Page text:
MOSCOW — With Russia’s mediation, Armenia and Azerbaijan have agreed to a cease-fire in Nagorno-Karabakh starting at noon Saturday, after two weeks of heavy fighting that marked the worst outbreak of hostilities in the separatist region in a quarter-century.
The countries’ foreign ministers said in a statement that the truce is intended to exchange prisoners and recover the dead, adding that specific details will be agreed on later.
The announcement followed 10 hours of talks in Moscow sponsored by Russian Foreign Minister Sergey Lavrov, who read the statement. It stipulated that the cease-fire should pave the way for talks on settling the conflict.
Russia that has a security pact with Armenia but also cultivated warm ties with Azerbaijan.
The latest outburst of fighting between Azerbaijani and Armenian forces began Sept. 27 and left hundreds of people dead, in the biggest escalation of the decades-old conflict over Nagorno-Karabakh since a separatist war there ended in 1994.
The region lies in Azerbaijan but has been under control of ethnic Armenian forces backed by Armenia.
The talks between the foreign ministers of Armenia and Azerbaijan were held on invitation from Russian President Vladimir Putin, who brokered the cease-fire in a series of calls with President Ilham Aliyev of Azerbaijan and Armenia’s Prime Minister Nikol Pashinian.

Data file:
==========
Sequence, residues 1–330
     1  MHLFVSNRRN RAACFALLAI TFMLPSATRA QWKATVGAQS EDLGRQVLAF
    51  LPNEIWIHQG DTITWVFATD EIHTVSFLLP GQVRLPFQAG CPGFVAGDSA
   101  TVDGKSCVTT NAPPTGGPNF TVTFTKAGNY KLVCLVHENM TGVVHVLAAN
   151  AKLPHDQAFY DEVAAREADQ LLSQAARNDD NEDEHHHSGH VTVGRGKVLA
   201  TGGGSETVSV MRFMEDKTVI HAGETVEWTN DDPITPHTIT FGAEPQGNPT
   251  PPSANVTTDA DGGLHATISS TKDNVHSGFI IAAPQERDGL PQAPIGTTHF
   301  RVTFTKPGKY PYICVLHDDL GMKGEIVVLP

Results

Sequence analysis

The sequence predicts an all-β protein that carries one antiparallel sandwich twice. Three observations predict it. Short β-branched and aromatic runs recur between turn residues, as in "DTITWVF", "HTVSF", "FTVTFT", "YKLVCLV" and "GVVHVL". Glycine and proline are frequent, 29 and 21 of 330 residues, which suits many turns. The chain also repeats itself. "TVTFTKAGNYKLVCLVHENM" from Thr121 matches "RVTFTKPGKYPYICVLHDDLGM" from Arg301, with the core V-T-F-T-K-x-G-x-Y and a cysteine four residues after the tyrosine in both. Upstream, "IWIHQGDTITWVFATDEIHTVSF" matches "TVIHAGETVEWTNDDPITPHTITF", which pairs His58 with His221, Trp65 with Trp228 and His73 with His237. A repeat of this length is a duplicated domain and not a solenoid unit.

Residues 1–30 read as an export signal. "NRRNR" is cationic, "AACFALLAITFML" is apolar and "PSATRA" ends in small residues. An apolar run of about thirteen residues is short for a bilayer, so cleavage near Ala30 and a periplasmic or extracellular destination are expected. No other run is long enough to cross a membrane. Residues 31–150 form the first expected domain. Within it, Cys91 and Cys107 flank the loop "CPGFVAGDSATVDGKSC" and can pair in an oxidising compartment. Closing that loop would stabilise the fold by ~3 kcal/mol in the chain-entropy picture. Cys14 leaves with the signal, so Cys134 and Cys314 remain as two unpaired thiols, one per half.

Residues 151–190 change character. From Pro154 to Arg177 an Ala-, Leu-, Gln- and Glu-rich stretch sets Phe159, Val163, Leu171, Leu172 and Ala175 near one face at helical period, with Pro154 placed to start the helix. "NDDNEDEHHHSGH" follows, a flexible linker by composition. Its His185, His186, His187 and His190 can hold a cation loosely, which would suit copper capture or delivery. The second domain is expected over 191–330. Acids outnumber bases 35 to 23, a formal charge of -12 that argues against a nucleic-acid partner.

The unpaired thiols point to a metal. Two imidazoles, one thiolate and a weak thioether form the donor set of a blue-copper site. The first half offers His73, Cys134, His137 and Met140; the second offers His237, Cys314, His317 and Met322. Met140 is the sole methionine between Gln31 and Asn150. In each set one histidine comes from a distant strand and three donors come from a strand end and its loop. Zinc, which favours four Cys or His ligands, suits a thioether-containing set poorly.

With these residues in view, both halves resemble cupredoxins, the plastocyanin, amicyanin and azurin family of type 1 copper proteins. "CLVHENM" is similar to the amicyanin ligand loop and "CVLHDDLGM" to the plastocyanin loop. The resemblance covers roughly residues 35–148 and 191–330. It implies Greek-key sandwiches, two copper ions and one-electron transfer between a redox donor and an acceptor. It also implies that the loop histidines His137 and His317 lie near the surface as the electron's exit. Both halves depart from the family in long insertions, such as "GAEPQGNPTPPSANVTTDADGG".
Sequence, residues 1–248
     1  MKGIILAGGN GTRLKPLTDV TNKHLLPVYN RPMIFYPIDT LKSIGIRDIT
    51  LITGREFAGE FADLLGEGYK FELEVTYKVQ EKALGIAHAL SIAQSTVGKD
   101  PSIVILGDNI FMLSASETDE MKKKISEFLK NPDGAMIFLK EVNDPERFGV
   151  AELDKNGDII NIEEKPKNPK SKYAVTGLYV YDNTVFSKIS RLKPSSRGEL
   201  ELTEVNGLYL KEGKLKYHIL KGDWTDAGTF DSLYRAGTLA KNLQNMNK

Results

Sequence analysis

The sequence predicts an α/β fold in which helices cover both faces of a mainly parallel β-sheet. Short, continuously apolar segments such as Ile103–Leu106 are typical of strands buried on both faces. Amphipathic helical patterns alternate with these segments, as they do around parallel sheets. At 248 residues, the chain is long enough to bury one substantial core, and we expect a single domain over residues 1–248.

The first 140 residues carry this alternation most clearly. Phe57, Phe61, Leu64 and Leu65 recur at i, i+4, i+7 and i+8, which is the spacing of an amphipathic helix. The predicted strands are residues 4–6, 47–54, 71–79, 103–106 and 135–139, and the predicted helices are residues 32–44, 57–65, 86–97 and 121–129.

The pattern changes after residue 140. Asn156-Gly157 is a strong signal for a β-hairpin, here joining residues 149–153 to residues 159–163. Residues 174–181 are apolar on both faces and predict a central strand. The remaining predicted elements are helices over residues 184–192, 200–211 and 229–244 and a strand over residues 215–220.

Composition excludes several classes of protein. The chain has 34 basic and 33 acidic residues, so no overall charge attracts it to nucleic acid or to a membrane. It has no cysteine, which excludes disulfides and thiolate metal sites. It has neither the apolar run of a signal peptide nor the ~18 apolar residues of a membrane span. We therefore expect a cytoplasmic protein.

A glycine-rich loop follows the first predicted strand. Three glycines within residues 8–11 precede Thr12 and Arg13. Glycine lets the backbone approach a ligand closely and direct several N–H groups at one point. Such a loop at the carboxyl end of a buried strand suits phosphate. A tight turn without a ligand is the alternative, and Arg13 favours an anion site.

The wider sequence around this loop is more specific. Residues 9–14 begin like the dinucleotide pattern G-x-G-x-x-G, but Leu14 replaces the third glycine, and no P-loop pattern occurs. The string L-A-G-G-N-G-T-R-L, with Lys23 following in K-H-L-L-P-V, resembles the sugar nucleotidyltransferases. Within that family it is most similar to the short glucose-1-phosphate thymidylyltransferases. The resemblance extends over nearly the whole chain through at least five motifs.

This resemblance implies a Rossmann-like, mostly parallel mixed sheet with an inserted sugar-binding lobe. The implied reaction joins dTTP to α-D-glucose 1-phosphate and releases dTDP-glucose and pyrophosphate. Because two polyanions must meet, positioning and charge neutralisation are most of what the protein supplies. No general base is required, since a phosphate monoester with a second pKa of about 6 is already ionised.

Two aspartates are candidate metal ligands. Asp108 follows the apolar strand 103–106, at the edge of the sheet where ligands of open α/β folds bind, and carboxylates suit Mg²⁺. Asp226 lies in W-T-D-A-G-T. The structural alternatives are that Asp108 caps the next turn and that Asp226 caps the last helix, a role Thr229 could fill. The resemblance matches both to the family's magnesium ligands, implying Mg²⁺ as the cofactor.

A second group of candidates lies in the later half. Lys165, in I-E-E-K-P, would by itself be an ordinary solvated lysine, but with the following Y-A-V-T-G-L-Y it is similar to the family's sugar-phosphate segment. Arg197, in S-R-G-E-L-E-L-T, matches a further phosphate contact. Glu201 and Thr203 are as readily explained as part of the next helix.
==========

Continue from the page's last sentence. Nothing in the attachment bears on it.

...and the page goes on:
Armenia said it was open to a cease-fire, while Azerbaijan previously made a potential truce conditional on the Armenian forces’ withdrawal from Nagorno-Karabakh, arguing that the failure of international efforts to negotiate a political settlement left it no other choice but to resort to force.
The current escalation also marked the first time that Azerbaijan’s ally Turkey took a high profile role in the conflict, offering strong political support.
Over the past few years, Turkey has provided Azerbaijan with state-of-the-art weapons, including drones and rocket systems that helped the Azerbaijani military outgun the Nagorno-Karabakh separatist forces in the latest fighting.
Turkey’s high profile in the conflict worried Russia, which has a military base in Armenia. The two countries are linked by a security treaty obliging Moscow to offer support to its ally if it comes under aggression.
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At the same time, Russia has sought to maintain strong economic and political ties with oil-rich Azerbaijan and ward off Turkey’s attempt to increase its influence in the South Caucasus, without ruining its delicate relations with Ankara.
Putin and Turkish President Recep Tayyip Erdogan have negotiated a series of deals to coordinate their conflicting interests in Syria and Libya and expanded their economic ties. Last year, NATO member Turkey took delivery of Russian S-400 air defense missiles, a move that angered Washington.